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Vacuum sucks less - Alex Belits
Vacuum sucks less
I haven't updated this journal in a while, but I have solved the problem with vacuum the next day. Since a heat pipe has two openings when it is being filled, I simply connected both of them to the transparent pipe with valves on both ends. Upper end of this is connected to the source of heat transfer liquid, and lower one has a vacuum pump attached to it. After pumping the air out of this (valves are open) and filling with liquid I can simply measure the amount of liquid remaining in the system by tilting it, so all liquid moves to the transparent pipe. If I close the bottom valve I can measure precisely the amount of liquid by placing the transparent pipe vertically -- the difference between liquid volume and the volume of liquid that entered originally is the volume that evaporated to fill the rest of the system.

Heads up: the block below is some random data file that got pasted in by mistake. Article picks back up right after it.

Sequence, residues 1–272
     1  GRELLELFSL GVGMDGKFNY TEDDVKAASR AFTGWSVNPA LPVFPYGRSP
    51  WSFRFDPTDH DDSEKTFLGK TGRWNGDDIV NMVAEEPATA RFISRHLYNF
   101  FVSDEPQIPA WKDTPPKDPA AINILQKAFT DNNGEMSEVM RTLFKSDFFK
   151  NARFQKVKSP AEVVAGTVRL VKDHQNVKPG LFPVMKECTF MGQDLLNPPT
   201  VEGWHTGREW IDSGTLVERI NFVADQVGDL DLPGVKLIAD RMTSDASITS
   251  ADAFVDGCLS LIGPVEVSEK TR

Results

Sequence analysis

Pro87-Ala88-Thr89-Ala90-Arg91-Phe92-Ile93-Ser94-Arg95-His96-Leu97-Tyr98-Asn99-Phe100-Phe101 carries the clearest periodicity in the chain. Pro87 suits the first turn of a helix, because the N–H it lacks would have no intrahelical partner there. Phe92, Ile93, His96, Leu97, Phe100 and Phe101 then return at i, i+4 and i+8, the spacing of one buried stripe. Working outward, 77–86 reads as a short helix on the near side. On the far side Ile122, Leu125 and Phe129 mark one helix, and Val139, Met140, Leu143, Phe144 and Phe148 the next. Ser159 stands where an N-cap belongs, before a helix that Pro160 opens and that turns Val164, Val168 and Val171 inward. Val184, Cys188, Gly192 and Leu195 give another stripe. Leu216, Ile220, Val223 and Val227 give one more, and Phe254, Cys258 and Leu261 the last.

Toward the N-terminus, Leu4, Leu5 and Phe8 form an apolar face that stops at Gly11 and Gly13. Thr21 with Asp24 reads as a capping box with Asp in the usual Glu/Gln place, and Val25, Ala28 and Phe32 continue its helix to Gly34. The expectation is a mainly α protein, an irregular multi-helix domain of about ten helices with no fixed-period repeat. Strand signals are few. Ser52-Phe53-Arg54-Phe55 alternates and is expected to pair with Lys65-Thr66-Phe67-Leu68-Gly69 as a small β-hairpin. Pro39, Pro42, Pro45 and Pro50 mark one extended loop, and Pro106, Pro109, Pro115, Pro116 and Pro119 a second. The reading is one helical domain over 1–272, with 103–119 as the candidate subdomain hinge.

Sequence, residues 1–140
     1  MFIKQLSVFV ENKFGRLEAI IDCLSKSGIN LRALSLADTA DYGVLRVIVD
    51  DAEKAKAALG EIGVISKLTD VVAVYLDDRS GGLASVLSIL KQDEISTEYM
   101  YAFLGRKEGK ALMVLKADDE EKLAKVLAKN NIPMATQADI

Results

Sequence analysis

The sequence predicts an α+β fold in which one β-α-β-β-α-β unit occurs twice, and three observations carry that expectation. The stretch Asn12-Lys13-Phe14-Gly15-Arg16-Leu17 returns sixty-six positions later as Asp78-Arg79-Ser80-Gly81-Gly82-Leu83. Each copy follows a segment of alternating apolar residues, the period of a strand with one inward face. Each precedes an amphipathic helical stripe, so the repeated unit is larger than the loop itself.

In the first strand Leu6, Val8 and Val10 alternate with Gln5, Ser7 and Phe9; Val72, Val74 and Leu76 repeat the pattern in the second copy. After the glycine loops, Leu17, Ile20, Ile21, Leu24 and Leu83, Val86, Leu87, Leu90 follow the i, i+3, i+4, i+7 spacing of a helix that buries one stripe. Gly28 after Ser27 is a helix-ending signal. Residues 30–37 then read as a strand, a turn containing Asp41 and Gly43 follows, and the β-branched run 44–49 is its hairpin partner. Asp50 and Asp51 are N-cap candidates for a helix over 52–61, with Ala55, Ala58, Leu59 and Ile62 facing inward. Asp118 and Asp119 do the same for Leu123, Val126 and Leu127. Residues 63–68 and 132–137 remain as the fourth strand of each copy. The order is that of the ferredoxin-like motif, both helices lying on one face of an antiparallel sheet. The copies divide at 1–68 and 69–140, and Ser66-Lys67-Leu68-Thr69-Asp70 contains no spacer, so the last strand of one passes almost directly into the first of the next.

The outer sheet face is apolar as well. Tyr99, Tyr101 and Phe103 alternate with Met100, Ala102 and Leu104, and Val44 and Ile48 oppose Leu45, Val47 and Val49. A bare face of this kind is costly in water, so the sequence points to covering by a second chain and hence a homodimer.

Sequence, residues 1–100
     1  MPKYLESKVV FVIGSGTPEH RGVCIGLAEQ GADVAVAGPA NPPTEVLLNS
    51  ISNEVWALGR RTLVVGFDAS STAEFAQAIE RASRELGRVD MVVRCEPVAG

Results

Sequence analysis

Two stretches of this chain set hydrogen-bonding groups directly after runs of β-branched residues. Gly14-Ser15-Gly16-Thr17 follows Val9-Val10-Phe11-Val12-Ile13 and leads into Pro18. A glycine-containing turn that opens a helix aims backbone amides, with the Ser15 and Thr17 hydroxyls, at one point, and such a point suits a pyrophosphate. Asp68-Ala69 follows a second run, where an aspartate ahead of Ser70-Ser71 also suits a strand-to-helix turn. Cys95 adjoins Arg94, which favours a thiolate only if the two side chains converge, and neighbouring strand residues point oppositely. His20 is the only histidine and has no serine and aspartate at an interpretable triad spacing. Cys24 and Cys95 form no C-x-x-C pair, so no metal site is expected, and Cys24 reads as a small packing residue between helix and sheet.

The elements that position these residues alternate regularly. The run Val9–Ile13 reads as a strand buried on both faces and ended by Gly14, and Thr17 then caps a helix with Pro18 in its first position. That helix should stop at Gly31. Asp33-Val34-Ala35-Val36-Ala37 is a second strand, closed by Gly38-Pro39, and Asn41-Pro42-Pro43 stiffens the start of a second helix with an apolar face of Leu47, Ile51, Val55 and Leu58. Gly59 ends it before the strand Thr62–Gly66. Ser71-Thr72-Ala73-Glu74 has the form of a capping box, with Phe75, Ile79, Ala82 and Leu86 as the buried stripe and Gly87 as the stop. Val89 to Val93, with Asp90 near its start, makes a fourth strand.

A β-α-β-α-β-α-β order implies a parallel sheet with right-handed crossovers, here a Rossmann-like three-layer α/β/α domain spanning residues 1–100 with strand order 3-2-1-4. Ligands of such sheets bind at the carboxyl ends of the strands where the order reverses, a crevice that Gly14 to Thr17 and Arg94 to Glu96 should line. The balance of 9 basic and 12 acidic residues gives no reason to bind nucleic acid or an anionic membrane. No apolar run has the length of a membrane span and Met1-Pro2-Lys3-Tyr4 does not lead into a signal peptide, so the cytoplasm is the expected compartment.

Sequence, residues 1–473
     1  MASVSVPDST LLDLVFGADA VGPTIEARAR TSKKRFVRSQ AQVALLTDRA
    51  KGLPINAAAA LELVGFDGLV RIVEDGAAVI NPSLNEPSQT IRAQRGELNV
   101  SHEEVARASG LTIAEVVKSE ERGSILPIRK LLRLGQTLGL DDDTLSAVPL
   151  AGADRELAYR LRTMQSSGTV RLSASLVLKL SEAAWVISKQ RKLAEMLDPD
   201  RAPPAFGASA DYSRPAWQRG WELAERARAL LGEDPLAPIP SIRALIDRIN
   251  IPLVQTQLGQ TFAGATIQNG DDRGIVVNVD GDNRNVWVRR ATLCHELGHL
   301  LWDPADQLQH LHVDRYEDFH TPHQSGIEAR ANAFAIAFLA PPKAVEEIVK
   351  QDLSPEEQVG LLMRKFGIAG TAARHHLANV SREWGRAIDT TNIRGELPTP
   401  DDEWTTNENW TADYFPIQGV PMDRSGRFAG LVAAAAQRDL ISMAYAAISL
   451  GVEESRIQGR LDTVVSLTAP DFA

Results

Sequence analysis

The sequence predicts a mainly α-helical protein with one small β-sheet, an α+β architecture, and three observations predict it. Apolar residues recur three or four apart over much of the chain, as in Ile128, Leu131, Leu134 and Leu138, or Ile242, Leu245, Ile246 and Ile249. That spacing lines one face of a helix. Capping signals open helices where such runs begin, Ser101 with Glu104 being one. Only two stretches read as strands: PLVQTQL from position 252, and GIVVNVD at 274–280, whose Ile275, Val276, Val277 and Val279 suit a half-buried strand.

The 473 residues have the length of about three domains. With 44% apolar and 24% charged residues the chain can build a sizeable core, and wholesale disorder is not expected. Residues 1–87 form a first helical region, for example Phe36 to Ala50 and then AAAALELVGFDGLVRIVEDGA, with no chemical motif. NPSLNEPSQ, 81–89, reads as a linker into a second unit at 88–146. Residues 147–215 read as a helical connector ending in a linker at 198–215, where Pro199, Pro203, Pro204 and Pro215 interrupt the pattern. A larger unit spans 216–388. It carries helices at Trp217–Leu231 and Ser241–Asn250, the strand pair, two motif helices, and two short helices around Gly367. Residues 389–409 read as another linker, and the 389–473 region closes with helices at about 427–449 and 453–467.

Then I can open the valves and tilt the device to put the liquid back into the heat pipe, seal the heat pipe, close all valves, disconnect everything and have the heat pipe with precisely measured amount of liquid and vapor at the room temperature. To fill the next pipe I can keep the valves closed until the heat pipe is filled -- I already know that the transparent pipe is filled by saturated vapor, so opening the valves when the vapor in the heat pipe is also saturated won't cause any additional evaporation or condensation. Whatever I will measure at this condition will be exactly the same amount of liquid that will end up in the heat pipe with given amount of liquid entering it even if valves to the measuring pipe were never opened -- all subsequent pipes will have the same amount of liquid and vapor as the second one.

Of course, another way to do it would be simply to calculate how much of liquid would have to evaporate to fill the whole system with liquid + saturated vapor, given that density of both is known and assuming that the temperature at the end of this process is the same as in the beginning. The problem is, I did not know the exact volume of all pipes and valves involved, and obvious way of measuring it (filling it with some liquid that remains liquid at a room temperature -- say, water or oil -- and then removing that from the system because it would otherwise contaminate the heat transfer liquid) would involve much more effort and risk than adding a pipe and two valves.
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